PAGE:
Working from home. It’s handy to be able to work from home sometimes, but it is not high on my list. I like being at the office and interacting with people. I’ve worked with a remote office using video conferencing, chat and e-mail, but it didn’t come close to the kind of productivity you get from being co-located.

Short commute. Obviously hard to influence, but not spending hours each day in traffic is really great.


If you are a consultant, some things on the list change. I’ve always liked working for product companies, mostly because I prefer to really get to know a system deeply and seeing it evolve over time. So I don’t have any first-hand knowledge of working as a consultant, but my take is this. As a consultant, it is much easier to get exposed to cool new technology, since you have a chance to work with many different clients. However, even if you have great colleagues, you probably won’t work with them day to day, since you may be with different customers.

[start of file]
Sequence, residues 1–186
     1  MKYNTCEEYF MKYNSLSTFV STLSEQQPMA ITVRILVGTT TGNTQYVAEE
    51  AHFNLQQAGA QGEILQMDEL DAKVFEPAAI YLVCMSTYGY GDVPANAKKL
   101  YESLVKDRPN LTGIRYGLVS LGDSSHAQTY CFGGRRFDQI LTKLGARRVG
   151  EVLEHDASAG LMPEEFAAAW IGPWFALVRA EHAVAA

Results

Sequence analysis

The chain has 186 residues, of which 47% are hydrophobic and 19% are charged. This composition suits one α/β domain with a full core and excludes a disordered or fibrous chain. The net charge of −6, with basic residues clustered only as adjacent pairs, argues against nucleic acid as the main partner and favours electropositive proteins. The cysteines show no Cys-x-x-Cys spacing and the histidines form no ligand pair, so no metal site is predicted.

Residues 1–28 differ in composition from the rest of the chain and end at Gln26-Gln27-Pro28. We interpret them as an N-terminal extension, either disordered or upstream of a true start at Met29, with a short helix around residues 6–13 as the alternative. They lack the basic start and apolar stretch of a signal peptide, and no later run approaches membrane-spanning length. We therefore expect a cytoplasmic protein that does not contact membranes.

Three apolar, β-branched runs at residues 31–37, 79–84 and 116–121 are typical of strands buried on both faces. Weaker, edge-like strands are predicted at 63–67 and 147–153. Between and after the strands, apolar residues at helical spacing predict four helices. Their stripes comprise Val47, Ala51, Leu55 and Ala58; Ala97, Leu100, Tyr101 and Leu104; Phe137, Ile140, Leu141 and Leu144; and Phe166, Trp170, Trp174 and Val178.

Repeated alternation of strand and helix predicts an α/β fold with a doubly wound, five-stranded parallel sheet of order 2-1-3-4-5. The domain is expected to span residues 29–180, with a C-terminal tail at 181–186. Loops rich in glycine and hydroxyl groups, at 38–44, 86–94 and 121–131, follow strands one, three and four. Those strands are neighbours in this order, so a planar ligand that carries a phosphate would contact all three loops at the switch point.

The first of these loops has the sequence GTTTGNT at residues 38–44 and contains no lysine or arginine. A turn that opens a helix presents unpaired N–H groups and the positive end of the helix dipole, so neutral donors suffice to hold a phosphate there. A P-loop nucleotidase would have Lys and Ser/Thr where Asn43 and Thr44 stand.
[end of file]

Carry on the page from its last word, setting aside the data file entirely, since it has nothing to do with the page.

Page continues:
So this is the list, in order of importance, of what I look for in a company. In real life there are always some compromises, but the higher up something is on the list, the less willing I am to compromise on it. What are your priorities?

Published at DZone with permission of Henrik Warne, author and DZone MVB. (source)

(Note: Opinions expressed in this article and its replies are the opinions of their respective authors and not those of DZone, Inc.)


Chris Shayan replied on Wed, 2013/03/27 - 11:03am

Very well defined. What do you think about a practice like here ? I tried it and I got a lot of good improvements.